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House of Fraser landlords call off legal challenge

Lauretta Roberts
06 August 2018

House of Fraser's chances of finding an investor to secure its future have been given a boost as a group of disgruntled landlords, which opposed its CVA and plans to close more than half of its stores, called off their legal challenge last night.

The department store agreed a settlement with the group, the details of which remain confidential, who had been due to have their case heard in the Edinburgh court of session on 14 August. It means that House of Fraser, and any new backer it may find, is free to close 31 of its 59 stores as set out in a CVA proposal agreed by creditors in June.

A potential legal challenge had been hampering the store's chances of getting a new backer on board so the company said it pursued a settlement (it is believed the landlords were paid financial compensation though this has not been confirmed) "to remove any risk to [...] discussions" with potential investors.

It is understood that the department store is in talks with a number of potential backers, after Chinese group C.banner pulled out of its planned deal to purchase a 51% stake from fellow Chinese group Nanjing Cenbest (part of Sanpower) and inject £70m in cash last week.

Turnaround specialists Alteri Investments and Hilco are said to be in talks with House of Fraser along with retail billionaire and owner of Edinburgh Woollen Mill and Jaeger, Philip Day. Fellow retail tycoon, Mike Ashley, who owns 11% of House of Fraser, is said to have cooled on his potential offer of a £50m equity purchase or loan. It is reported Ashley believed he had not been fully consulted or given access to all of the appropriate financial information required to make his decision, something which was denied by House of Fraser's backers.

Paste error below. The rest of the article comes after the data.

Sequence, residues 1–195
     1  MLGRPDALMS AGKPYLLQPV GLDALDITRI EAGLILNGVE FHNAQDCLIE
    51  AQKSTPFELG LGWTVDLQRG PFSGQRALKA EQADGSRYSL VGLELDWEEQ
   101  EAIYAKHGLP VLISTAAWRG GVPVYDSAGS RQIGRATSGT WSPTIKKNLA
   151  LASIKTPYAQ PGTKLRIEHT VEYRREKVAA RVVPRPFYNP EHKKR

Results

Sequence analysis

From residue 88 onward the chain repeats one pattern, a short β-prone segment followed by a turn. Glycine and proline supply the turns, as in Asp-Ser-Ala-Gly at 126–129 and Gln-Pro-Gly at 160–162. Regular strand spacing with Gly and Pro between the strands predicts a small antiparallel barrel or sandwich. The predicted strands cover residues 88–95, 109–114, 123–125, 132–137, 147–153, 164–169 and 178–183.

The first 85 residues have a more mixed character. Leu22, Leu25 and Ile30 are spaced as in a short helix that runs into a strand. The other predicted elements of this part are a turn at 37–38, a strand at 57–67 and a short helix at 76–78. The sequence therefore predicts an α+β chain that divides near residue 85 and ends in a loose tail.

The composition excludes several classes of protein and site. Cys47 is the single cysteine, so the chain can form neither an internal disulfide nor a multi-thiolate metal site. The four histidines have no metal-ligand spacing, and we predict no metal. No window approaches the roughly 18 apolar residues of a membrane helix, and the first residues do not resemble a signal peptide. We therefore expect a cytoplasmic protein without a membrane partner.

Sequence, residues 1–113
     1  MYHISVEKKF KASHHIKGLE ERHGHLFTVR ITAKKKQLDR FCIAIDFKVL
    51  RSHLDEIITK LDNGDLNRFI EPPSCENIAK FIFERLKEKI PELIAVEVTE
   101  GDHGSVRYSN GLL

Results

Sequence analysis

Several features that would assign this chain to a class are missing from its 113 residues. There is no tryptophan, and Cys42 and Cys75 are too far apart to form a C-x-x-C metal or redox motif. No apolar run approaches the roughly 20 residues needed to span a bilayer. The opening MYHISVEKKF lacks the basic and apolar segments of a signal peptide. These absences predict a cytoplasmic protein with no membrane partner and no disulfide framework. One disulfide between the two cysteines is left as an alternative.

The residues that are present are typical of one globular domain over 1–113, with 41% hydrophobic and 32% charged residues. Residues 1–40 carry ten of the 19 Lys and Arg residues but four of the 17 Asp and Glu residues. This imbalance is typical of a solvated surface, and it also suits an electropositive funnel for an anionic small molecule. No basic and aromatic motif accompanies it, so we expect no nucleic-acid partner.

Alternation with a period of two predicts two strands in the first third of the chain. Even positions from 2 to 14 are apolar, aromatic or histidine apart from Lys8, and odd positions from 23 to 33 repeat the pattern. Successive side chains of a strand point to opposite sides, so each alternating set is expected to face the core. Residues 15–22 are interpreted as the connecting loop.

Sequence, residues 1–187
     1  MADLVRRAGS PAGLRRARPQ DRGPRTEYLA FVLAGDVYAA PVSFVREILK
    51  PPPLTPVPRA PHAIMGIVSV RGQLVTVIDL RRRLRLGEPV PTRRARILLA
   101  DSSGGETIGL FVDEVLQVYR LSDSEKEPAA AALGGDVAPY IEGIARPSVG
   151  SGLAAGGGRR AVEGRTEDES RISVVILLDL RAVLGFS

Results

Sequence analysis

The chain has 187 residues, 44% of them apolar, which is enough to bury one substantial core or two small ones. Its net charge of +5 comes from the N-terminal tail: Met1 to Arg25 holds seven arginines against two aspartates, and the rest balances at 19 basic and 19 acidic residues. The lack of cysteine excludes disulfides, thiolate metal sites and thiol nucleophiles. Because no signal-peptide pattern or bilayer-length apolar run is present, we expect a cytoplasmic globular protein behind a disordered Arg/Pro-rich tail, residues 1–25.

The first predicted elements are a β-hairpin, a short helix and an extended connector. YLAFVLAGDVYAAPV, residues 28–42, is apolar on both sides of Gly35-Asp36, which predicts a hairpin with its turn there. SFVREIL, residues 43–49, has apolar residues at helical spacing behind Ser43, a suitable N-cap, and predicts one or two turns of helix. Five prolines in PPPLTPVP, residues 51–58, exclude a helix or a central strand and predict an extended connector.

The landlords issued a statement to confirm they had agreed the settlement and said their determination to challenge the House of Fraser CVA should serve as a warning to other struggling retailers that using the controversial insolvency process – which allows businesses, with the consent of creditors, to pay back a proportion of debts over a period of time – was not an easy way to offload stores or reduce rent bills.

“The terms of the settlement are confidential but we can confirm that we have agreed to withdraw our legal challenge. Although we will not have our day in court, we are pleased with the outcome and hope that our landmark legal challenge sends a clear message to any other companies considering a CVA, on the importance of transparency and fair treatment for all creditors throughout a CVA process,” the group's statement said.

Across retail and in the casual dining sector as a whole there have been a number of high profile CVAs this year and in fashion alone New Look, Mothercare and Select are operating under CVAs, though the latter is not using the process to close stores. In the case of House of Fraser the landlords believed they had not been sufficiently consulted before the planned CVA was announced, whereas New Look, for instance, had consulted with the property industry and sought its buy-in before formally putting forward its CVA proposal.

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